Sydney Film Festival 2022 – No Mean Feat

April 7, 2022
With last year’s Sydney Film Festival running in November, delayed in the wake of yet another Covid wave, the beloved event is set to return to its usual June timeframe for 2022, offering a cine-culture double-dip with a new program of international and domestic film treats.

From Wednesday 8 June to Sunday 19 June 2022, the 69th Sydney Film Festival will offer Sydneysiders another exciting season of cinema amidst a menagerie of premieres, red carpets, in-depth discussions, special programs, and the welcome return of interstate and international filmmakers.

In anticipation of the festival’s return, twenty-two diverse titles have just been announced as a taster, setting the stage for the full program reveal in May.

“This year’s festival will include over 200 films. Possibly more,” reveals Festival Director Nashen Moodley. “I think perhaps we’ll get to around 250, but I’ll be able to confirm that on the 11th of May.”

An impressive number, and no small feat considering the quick turnaround from last year’s festival; a tricky juggling act that certainly exploits the prestige Sydney Film Festival holds and which reflects, as Moodley explains, the challenges and displacement experienced by many international festivals as the circuit slowly begins to correct itself.

“It’s certainly been different circumstances. To have a festival in November when we hadn’t had an in-cinema festival the previous year, we were able to choose films from across two years. And because of the timing of November, we were able to secure films like Pedro Almodovar’s Parallel Mothers; films from Venice and Toronto that because of the timing, we’d never usually be able to have in Sydney Film Festival.

“But since November, of course, there’s been Rotterdam, which happened online, but still presented a range of films, Sundance, Berlin, Göteborg. There have been a number of festivals that have taken place, many reduced in scale due to the pandemic. But I think we’re at close to 80% of the overall program secured, and there are many award-winners cycling from recent festivals.

“But it’s only been a short time since, let’s say from Berlin for example, to our Teaser Announcement, so it’s been a little tough to secure everything in time to include them, but I’m very happy with what has been announced, and then what will come into the full program announcement on the 11th of May. There’ll be a bunch of award-winners and many, many big films as well.”

Some of the standout entries just announced include a range of features and documentaries, including a strong Australian presence which includes the edgy dance documentary Keep Stepping from Luke Cornish (Amazon Prime’s Unheard), SXSW hit horror Sissy from Hannah Barlow and Kane Senes, and the music themed coming of age drama 6 Festivals, from Macario De Souza.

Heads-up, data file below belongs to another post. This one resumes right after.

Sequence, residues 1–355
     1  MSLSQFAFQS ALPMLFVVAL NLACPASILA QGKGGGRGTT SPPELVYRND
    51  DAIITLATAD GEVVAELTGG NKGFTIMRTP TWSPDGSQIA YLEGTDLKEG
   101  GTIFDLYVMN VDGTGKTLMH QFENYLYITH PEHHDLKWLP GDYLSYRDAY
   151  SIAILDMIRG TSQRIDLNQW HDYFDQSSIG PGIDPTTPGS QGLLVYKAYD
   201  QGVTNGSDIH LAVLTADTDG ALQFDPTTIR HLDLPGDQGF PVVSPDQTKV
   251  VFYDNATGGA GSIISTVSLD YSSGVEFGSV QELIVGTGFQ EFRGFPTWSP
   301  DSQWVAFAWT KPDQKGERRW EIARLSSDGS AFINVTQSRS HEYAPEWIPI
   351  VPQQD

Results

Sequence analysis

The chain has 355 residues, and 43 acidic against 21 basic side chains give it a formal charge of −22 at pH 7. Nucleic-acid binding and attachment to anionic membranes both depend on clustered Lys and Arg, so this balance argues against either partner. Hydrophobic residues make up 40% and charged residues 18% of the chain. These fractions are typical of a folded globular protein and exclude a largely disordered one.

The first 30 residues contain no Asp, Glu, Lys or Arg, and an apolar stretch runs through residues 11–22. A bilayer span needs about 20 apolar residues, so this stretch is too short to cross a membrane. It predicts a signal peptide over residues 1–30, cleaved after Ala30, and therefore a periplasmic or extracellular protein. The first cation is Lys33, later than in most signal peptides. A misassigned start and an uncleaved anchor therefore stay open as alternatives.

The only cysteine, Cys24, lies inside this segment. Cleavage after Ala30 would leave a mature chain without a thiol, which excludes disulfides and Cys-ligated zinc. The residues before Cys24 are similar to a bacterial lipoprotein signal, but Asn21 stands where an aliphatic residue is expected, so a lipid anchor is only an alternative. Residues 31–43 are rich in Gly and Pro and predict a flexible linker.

International titles include Peter Strickland’s dark comedy Flux Gourmet which pairs Asa Butterfield (Sex Education) and Gwendolyn Christie (Game of Thrones), Andrea Riseborough/Demi Moore starring genderqueer musical Please Baby Please, San Sebastian Golden Shell winner Blue Moon from Romanian writer-director Alina Grigore, and Sundance highlights Calendar Girls, a joyous documentary about a 60+ female dance troupe and Sirens, a loud and proud introduction to the Middle East’s first all-female, queer death metal band.

“I tend not to choose favourites,” jokes Moodley with a certain diplomatic pragmatism. “But I’d say that what’s exciting about this line-up, which is just a small proportion of the overall program, is that we have so much new talent.

“There are some very talented new filmmakers. We have first films from Australia, and from around the world appearing in this line-up. I’m thinking of films from Australia, like Keep Stepping, Six Festivals, The Planes, and Sissy, which just played at South by Southwest. It’s great for us to be able to introduce to the audience for the first time the next generation of great Australian filmmakers.

“And then we also have great films like The Forgiven, with Ralph Fiennes and Jessica Chastain and Bootlegger which stars Devery Jacobs (Reservation Dogs). The program of the Sydney Film Festival is always very diverse and ranges from films that are, let’s say, close to mainstream, to very, very experimental works. And that balance will be maintained this year. And of course, it’s great to have wonderful, very well-known actors in great films. That’s fantastic to have.”

With 2022 finally seeing the pandemic fading in the rear-view mirror, the 69th edition of the festival is shaping up as a welcome return to normal, with November 2021 serving as a test run for both audiences and venues alike, paving the way for 2022 to deliver a full, and complete festival reminiscent of the pre pandemic chaos.

“I think the biggest difference since the festival in November is that we hope to have international filmmakers back at the festival,” explains a cautiously optimistic Moodley. “We hope to have parties. We hope to have the networking that’s very much part of the festival, the interactions between the audience and filmmakers, between filmmakers from around the world and Australian filmmakers. I think that will be the big change compared to what’s happened over the last couple of years.”

For a full break down on the Sneak Peak Announcements for the 69th Sydney Film Festival, visit now. 


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